- use memorised information about the required file to get as close to it as possible


when recall has failed remembering happening by reading through a list

memory load

- the requirement of remember and recall passwords and memorable words puts a big memory load on customers

design implications of memory

- do not overload users' memories with complicated procedures

- design interfaces that promote recognition rather than recall

- provide users with a variety of ways of encoding digital information to help them remember where they stored them (categories, colours, flagging, time stampling)


- it can be considered in terms of how to use a computer-based applicaton or using a computer based application to understand a topic

- people find it hard to learn from instructions and manuals, instead they prefer to learn through doing

training wheels

restricting the possible functions that can be carried out by a novice to the basics then expecting these as the novice becomes more experienced.

- helping users focus on simple operations before moving on to more complex ones


- highly effective interactivity

- abstract representations are linked together a more concrete illustration of what they stand for

e.g diagrams linked with simulation

design implications of learning

- design interfaces that encourage exploration

- design interfaces that constrain and guide users to select appropriate actions

- dynamically link concrete representations and abstract concepts to facilitate the learning of complex material

reading, speaking and listening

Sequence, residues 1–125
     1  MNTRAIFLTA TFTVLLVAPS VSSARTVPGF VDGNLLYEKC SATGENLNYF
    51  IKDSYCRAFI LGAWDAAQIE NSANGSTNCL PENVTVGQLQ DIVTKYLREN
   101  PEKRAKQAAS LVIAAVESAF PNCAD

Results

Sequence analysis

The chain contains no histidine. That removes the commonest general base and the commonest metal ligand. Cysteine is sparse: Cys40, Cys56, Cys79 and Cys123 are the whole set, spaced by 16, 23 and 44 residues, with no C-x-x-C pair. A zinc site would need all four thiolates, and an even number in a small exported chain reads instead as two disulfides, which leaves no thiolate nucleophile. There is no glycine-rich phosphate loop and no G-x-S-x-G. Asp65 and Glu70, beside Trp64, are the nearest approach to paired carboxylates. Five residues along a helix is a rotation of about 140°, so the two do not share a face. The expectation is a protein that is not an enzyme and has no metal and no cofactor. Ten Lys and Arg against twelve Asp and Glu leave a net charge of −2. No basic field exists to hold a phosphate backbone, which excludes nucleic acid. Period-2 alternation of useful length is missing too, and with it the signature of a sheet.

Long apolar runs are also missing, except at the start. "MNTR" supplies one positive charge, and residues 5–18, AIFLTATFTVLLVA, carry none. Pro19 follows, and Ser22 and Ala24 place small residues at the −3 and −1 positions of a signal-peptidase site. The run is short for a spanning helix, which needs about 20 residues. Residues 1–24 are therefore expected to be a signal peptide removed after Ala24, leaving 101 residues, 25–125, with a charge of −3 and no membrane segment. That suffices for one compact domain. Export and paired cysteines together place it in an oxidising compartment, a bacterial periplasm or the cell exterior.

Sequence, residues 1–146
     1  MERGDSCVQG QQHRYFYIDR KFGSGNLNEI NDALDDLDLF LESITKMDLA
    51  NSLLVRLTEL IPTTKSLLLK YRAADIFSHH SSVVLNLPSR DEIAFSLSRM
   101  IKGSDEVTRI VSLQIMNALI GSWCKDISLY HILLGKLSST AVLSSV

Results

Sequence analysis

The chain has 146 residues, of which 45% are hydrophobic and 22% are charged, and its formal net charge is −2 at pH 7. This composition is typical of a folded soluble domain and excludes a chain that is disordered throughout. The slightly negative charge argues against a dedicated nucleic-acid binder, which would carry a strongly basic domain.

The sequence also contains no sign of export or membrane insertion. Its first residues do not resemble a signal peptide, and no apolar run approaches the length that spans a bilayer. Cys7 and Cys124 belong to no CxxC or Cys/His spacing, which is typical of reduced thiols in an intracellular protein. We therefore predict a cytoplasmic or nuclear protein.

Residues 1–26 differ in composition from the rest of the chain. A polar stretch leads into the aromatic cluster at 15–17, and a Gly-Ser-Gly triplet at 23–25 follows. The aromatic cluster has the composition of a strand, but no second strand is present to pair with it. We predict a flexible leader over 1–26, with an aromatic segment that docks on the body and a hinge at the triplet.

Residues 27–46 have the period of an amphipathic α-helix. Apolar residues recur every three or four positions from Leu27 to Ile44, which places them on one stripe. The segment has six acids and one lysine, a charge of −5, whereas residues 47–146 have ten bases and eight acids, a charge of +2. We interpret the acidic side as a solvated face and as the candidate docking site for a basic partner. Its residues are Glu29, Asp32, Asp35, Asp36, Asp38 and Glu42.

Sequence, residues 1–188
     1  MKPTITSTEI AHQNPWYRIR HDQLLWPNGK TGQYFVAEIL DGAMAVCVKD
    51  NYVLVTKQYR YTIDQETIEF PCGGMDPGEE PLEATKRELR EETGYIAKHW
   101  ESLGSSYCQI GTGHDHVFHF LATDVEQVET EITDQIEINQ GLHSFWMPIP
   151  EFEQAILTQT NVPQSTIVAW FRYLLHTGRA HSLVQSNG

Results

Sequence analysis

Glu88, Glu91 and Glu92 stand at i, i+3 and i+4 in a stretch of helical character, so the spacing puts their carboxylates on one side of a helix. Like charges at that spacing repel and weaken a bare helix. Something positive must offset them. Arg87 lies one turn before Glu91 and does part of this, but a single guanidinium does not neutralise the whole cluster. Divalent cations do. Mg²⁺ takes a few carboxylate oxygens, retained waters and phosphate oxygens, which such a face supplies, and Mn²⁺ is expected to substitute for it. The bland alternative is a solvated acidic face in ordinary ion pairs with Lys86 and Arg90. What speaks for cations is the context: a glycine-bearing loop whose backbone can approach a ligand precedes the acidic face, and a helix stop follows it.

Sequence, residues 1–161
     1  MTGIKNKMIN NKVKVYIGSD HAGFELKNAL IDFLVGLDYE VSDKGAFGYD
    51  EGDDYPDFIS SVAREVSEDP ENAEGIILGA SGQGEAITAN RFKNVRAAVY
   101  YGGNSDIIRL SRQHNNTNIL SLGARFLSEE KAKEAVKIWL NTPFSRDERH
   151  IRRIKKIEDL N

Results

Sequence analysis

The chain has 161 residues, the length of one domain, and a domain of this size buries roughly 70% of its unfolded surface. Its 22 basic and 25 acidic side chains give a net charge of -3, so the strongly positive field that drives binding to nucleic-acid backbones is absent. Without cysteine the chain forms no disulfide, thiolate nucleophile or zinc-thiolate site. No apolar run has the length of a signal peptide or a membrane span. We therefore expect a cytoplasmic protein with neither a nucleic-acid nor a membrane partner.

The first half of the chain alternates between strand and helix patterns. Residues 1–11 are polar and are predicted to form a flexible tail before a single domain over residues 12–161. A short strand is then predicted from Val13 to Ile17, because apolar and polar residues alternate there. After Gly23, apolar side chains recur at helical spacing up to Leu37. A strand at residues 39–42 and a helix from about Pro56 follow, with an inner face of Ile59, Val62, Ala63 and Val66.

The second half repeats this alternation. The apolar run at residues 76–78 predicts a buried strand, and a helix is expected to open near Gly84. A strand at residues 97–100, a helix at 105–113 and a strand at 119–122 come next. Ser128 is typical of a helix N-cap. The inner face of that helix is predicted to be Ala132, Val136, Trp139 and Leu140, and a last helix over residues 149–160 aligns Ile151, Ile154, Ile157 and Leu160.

- 3 forms of language processing

- they similarity is that the meaning of sentences or phases is the same regardless of the mode in which it is conveyed

differences between reading, speaking and listening

- written language is permanent while listening is transient

- reading is quicker than speaking or listening

- listening requires less cognitive effort

- there are differences between people in their ability to use language

- people with hearing problems are restricted in the way they process language

- dyslexics have difficulties understanding and recognising written words

design implications of reading, speaking and listening

- keep the length of speech-based menus and instructions to a minimum

- accentuate the intonation of artifically generated voices

- provide opportunities for making text large on screen

problem solving, planning, reasoning and decision-making

- processes involving reflective cognition

- often involve conscious processes, discussion with others, and the use of various kinds of artifacts

- often involve comparing different information

- novices first slow, making mistakes

-experts are efficient fast and they think ahead more

design implications of problem solving, planning and decision-making

- provide additional hidden information that is easy to access for users wish to understand more about how to carry out an activity more effectively

- use simple and memorable functions at the interface for comutational aid intended to support rapid decision-making and planning that takes place while on the move